ITDP’s survey on the Sudirman-Thamrin street showed the different types of bikes used by women, in which folding bikes were the most dominant types of bike (37.5%). Folding bikes are the most common type of bikes for commuting as it is practical and flexible. Supporting bikes for first-last mile trips, folding bikes are also suitable for mix-commuters as they easily fit into public transportation fleets such as medium feeder buses or commuter trains. When bike parking is not available, women cyclists could take their folding bikes into the buildings they are visiting (e.g. office). They also come with a wide range of tire sizes; beginner cyclists could take advantage of the bigger tire diameter as it takes them to their destinations faster. On the other hand, non-folding bikes such as road bikes and mountain bikes are more popular amongst sport cyclists, including those who also bike for their day-to-day mobility.

Needs of Women Cyclists in Indonesia

Access to Bikes

Women are less likely to have ownership of bikes which is shown in ITDP’s 2022 survey regarding the evaluation of bike sharing facilities. They are more likely to also borrow bikes from their close friends and/or relatives. This trend is similar to the fact that Indonesian women also have less access to private vehicles in general, such as cars and motorcycles, which is more prevalent in low income households in which traditional gender roles are still applicable. Here, the provision of bikesharing facilities can be a solution for those who wish to use bicycles as a means of transportation however do not have access to a bike.

Cycling Infrastructure

Women who have access to bikes may still not feel comfortable riding their bike due to the lack of proper cycling infrastructure to support their mobility needs. From ITDP’s 2021 survey regarding women and cycling, it was revealed that improvements in cycling infrastructure, such as the increase of protected bike lanes availability, parking facilities in public spaces, as well as safer cyclist crossings were the three aspects that were most important for women to ensure a bike-friendly environment. This was supported by ITDP’s 2021 survey in the Sudirman-Thamrin Street, which showed that women were more likely to use pop-up bike lanes than men, and deemed the speed of cars as well as lack of cyclist priority in points of conflict as the most dangerous situations for female cyclists. These surveys show that women are mainly concerned about their safety while cycling, mostly regarding having to interact with motorists during most of their rides, in which segregated biking lanes can be a solution to these concerns.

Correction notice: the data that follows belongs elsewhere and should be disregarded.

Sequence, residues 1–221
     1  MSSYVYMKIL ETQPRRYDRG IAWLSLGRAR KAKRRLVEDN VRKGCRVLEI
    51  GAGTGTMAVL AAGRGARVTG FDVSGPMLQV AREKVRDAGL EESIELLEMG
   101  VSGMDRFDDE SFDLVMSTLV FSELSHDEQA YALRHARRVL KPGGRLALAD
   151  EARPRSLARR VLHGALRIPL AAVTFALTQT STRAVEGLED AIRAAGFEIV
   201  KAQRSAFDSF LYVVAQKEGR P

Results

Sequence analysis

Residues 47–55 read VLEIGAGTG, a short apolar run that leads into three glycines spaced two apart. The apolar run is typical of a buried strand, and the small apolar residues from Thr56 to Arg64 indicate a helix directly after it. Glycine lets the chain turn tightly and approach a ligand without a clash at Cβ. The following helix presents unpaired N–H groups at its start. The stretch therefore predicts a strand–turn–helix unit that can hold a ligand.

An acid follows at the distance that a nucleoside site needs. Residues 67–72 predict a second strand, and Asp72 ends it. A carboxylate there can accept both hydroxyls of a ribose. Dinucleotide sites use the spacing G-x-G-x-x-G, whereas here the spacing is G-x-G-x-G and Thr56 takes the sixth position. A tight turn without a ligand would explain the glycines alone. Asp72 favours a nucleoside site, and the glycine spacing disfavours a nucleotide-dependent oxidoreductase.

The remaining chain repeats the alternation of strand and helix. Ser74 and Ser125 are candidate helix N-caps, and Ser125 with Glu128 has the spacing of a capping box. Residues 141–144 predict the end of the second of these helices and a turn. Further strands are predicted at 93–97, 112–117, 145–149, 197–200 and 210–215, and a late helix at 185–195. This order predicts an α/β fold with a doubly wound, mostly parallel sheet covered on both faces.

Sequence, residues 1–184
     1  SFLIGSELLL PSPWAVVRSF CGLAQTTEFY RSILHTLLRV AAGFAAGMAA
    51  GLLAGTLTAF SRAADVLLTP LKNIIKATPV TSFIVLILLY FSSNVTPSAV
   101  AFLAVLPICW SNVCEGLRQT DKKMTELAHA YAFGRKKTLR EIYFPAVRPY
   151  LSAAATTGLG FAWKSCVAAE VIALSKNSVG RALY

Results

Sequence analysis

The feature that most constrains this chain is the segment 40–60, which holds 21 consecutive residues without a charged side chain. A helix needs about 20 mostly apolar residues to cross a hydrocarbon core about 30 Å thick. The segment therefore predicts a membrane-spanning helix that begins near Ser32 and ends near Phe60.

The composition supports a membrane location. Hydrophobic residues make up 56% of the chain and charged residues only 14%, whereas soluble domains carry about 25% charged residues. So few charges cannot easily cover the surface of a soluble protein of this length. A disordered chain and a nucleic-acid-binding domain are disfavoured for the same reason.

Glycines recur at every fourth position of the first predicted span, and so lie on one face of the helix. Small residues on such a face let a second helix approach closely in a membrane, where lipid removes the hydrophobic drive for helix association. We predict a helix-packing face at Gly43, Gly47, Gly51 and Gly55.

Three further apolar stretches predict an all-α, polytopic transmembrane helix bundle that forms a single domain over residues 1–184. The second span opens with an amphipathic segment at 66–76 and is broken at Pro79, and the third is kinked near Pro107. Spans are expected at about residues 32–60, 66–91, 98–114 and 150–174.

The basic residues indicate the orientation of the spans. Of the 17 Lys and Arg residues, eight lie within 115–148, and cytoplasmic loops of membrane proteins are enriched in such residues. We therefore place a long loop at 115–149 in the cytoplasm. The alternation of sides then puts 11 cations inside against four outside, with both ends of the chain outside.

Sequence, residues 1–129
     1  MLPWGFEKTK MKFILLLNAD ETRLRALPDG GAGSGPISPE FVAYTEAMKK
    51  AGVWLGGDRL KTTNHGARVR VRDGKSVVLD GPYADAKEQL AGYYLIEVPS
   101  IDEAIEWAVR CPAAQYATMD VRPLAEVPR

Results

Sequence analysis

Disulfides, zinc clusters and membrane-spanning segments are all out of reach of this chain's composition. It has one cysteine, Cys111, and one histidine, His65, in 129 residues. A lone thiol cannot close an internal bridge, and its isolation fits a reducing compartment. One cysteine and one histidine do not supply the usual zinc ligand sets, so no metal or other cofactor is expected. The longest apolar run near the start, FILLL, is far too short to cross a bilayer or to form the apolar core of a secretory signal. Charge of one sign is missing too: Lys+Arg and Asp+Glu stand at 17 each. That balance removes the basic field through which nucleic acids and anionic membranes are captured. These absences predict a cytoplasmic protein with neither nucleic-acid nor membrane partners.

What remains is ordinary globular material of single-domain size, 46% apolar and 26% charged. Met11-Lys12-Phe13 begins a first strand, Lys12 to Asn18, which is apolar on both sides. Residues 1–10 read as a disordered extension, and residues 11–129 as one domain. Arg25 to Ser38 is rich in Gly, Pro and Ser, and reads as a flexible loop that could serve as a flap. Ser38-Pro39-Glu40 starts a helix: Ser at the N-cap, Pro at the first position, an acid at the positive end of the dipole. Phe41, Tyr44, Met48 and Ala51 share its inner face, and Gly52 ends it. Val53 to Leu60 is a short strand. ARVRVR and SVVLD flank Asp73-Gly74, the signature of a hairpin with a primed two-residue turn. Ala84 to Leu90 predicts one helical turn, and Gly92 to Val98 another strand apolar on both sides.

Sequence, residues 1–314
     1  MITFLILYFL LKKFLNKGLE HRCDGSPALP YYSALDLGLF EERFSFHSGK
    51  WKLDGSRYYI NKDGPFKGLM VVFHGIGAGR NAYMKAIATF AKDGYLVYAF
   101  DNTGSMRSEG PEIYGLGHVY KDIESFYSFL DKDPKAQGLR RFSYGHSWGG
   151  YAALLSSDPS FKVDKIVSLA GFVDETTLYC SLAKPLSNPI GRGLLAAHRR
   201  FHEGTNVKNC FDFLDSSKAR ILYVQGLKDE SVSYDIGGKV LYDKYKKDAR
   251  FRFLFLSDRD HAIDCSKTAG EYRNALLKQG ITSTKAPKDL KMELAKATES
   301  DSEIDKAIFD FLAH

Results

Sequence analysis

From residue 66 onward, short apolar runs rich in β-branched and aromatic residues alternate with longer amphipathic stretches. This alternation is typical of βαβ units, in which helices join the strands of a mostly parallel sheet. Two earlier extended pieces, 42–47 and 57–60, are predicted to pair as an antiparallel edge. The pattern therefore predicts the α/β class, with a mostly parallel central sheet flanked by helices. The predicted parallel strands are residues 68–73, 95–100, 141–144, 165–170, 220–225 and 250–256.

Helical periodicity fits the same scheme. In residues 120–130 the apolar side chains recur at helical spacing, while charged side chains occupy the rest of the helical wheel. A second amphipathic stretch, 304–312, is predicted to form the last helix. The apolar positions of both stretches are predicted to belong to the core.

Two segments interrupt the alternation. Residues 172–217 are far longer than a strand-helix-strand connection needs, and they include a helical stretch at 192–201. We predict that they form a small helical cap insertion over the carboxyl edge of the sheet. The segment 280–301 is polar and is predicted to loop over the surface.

On top of safer roads to cycle on, the provision of cycling facilities to allow for mixed commuting can also support women’s mobility. As mentioned earlier, women who are less experienced in cycling are more likely to travel short distances. In this case, a full trip to work might be intimidating and Instead, allowing for cycling to be a first and last mile option may be a more realistic option. To support this type of mobility however, it is important for public transport operators to allow bikes on their fleets and have the proper supporting infrastructure within their stations and fleets for bikes.

Safety and Security

Common barriers cyclists have when wanting to shift to cycling for mobility is the fear of criminal activity such as getting mugged (begal) or getting sexual harassment/assault while cycling. One of the women cyclists who cycles for sport reasons shared her experiences getting robbed whilst cycling with two other cyclists in a suburban area in South Tangerang. These events may cause additional fear when having to cycle alone for one’s day-to-day mobility. The fear of being sexually harassed/assaulted was mentioned by many women cyclists, with one mentioning that she feels sexual harassment is more of a threat than being mugged. In reaction to the fear of being sexually harassed, cyclists have mentioned cycling with their partners to feel safer and to watch out for suspicious behavior from other road users, as well as stopping cycling forever due to the trauma experienced. Tackling this issue, an active bystander approach may help women who face sexual various stakeholders may increase public awareness regarding this issue, while also practicing the active bystander approach, Improve reporting mechanisms, and enhance safety facilities such as CCTV, lighting, and the addition of panic buttons.

What’s Next?

In Indonesia, women have become an important part of the cycling community, embracing biking for various reasons such as getting around economically or enjoying outdoor adventures. However, to make cycling more inclusive, we need to consider the specific needs of women cyclists. Safety and accessibility are key, so we should invest in better bike paths and involve women in planning. Understanding women’s unique mobility patterns and applying them to support short distance travel and mixed modes is also crucial if we want to see more women cycling. Lastly, ensuring security of women by actively practicing and campaigning for active bystanders and ensuring security facilities will allow more women to cycle independently and freely.